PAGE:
"In Iceland the politicians promised to deliver 30 terrawatt hours of energy in an environmentally sustainable manner. So everyone immediately thinks, oh, that is scientific, rational and probably true. In doing so, they wanted to sell all the rivers of Iceland to these heavy industry companies and make us totally dependent on them. But this was presented as green energy, as a smart decision in favour of economic growth. For politicians 'growth' means brownie points. Five percent growth, five brownie points. With smileys on top. Shows their doing a good job. Our politicians constantly received brownie points. From the OECD, all the international organizations, the rating companies."

That's how things went until the collapse of the banks and the near bankruptcy of the state in 2008. Afterwards, the island all at once became more environmentally friendly. People had to save. Rubbish levels dropped by half, traffic decreased some 20 percent. And for a time there was not enough money for new energy projects. The new government of Social Democrats and Left-Greens is more open to environmental issues.

But for Icelanders the transformation is happening too slowly. "There are still the same people in positions of power, who say, calm down, we'll change. But if you don't change the people, nothing changes." There is some progress, regions that are now under environmental protection. But the energy machine is very hungry and very powerful. For this reason the message of the book so much of which can be applied to other countries is: "There is no hope." Andri Snaer laughs as he says, "We were a small, beautiful country, but we ruined it."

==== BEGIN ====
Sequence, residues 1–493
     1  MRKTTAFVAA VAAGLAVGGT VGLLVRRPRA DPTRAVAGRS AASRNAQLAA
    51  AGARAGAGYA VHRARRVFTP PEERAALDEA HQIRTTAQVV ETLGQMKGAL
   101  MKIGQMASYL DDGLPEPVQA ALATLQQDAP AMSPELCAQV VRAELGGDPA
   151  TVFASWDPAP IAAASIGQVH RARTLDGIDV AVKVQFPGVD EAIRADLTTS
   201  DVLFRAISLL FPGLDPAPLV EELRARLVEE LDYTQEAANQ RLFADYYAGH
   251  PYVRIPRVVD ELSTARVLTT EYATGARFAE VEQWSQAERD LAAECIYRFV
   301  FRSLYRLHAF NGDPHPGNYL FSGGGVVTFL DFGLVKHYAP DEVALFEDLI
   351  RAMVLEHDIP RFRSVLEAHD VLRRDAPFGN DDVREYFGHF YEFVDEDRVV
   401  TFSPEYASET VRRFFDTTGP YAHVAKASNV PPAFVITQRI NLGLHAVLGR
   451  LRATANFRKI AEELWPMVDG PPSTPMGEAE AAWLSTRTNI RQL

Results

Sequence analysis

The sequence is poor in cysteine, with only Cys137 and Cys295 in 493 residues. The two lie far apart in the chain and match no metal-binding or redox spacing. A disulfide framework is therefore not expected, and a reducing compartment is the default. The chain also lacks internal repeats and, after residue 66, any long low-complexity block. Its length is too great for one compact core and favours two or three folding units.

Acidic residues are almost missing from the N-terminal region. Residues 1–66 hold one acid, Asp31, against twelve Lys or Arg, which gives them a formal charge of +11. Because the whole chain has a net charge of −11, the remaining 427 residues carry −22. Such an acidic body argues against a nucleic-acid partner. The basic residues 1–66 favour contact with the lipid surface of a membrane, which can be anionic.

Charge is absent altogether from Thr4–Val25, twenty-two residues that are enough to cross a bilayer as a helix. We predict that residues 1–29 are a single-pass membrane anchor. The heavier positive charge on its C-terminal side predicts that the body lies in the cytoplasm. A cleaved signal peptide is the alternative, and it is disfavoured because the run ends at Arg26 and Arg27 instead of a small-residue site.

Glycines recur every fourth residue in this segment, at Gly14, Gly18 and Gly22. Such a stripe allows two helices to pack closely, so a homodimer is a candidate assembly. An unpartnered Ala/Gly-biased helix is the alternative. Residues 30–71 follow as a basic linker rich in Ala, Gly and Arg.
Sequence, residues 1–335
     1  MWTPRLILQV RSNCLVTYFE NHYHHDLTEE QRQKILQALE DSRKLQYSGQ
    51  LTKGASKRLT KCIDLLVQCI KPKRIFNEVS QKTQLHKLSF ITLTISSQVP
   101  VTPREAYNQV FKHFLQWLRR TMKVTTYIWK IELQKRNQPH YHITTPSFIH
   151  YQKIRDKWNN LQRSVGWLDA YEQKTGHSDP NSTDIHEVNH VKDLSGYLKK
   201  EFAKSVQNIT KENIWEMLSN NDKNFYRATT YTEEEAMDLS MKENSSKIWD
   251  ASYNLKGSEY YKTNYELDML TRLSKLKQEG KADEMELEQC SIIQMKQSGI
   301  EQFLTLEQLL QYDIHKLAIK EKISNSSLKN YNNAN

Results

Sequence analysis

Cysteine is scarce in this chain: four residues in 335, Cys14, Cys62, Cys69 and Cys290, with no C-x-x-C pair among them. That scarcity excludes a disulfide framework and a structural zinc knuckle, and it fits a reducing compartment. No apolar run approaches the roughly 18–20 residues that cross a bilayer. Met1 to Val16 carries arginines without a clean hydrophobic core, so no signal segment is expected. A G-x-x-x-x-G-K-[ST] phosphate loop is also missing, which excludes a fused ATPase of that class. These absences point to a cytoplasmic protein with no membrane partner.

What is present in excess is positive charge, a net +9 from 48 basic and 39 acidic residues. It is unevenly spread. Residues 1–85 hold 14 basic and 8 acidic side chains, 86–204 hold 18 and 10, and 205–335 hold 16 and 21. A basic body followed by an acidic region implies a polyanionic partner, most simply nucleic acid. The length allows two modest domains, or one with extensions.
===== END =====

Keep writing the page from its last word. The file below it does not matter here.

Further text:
"In February I was in China, and the first thing I saw on the street was the evil omen of Iceland: a black Range Rover. It's like a black cat. It means that your future is bleak. Then I saw those endless blocks of apartment buildings, just like the ones built in Iceland as investments, but just ten thousand times larger. It was as if I was standing right in the middle of the Icelandic real estate bubble, clapping my hands together and saying: 'There's no place like home.' I read that they have 60 million empty apartments. It's going to be a huge crash."

At the moment a new constitution is being reworked on the Internet according to an open source concept. Art students are thinking up new ideas for agriculture with the farmers on their farms; intelligent minds like Noam Chomsky are coming to Iceland with their ideas. In Iceland the environmental movement has always been in the hands of the musicians, the creative industry, the small high tech companies, says Andri Snaer. And things are changing, there is a mental shift away from heavy industry to creative approaches that in the past were met with resistance.

"In heavy industry you can calculate nicely, promising jobs and money. In other sectors it doesn't work like that. I can't say that more tourists will come, that the computer industry will develop in certain way or that my book will be a best seller. You can't promise anything. In the face of this uncertainty there was this great plan, which was a reality when everything else seemed to be castles in the air. But living in this supposedly unstable, creative society means security. Because you are more vulnerable when you get stuck in a giant inflexible monoculture with big firms. The fall is so much harder when they go somewhere else."

A father of four, Andri Snaer Magnason, lives, shows us what it means to live in a creative society. His children's book "The Story of the Blue Planet" has been translated into over 20 languages. He sold his book of poetry through "Bonus" the Icelandic version of Aldi with a cover design compatible with discount supermarket aesthetics.

The author, who was awarded the prestigious Kairos Prize of the Alfred Toepfer Foundation last year, is now already working on his next book, a fairytale about the era and the necessity of hard times. And he has just interviewed Dalai Lama for a new film about the melting of the glaciers. This is a time when people need books, says the author. They are a form of protest.


Andri Snaer Magnason. "Dreamland. A Self-Help Manual for a Frightened Nation" Citizen Press, 2009.

The article was originally published in the Tageszeitung on 4 October 2011.

Translation: ls